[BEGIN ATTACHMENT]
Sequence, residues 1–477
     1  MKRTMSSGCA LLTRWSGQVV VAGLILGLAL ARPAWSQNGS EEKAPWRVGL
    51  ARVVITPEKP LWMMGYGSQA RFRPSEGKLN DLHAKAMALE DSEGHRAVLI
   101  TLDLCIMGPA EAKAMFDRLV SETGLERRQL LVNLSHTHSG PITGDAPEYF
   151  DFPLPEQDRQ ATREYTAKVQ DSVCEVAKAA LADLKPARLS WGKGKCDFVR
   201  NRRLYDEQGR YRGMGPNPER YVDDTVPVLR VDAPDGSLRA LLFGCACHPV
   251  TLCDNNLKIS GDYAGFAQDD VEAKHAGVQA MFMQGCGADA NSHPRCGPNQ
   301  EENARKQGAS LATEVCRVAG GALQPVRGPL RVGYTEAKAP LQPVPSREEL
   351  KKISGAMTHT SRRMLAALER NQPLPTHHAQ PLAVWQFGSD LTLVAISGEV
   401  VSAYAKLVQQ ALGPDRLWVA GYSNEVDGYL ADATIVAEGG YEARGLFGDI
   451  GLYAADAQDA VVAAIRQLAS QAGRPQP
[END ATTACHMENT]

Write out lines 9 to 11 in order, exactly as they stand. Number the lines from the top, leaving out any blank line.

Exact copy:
   351  KKISGAMTHT SRRMLAALER NQPLPTHHAQ PLAVWQFGSD LTLVAISGEV
   401  VSAYAKLVQQ ALGPDRLWVA GYSNEVDGYL ADATIVAEGG YEARGLFGDI
   451  GLYAADAQDA VVAAIRQLAS QAGRPQP